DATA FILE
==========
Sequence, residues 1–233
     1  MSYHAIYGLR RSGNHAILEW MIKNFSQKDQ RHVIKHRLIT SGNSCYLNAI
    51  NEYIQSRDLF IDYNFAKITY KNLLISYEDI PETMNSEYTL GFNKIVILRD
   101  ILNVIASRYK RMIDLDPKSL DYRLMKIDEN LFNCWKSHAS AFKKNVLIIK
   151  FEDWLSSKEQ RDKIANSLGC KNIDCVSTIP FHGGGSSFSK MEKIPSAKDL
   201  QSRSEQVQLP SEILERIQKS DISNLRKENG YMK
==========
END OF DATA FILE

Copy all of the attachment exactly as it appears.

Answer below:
Sequence, residues 1–233
     1  MSYHAIYGLR RSGNHAILEW MIKNFSQKDQ RHVIKHRLIT SGNSCYLNAI
    51  NEYIQSRDLF IDYNFAKITY KNLLISYEDI PETMNSEYTL GFNKIVILRD
   101  ILNVIASRYK RMIDLDPKSL DYRLMKIDEN LFNCWKSHAS AFKKNVLIIK
   151  FEDWLSSKEQ RDKIANSLGC KNIDCVSTIP FHGGGSSFSK MEKIPSAKDL
   201  QSRSEQVQLP SEILERIQKS DISNLRKENG YMK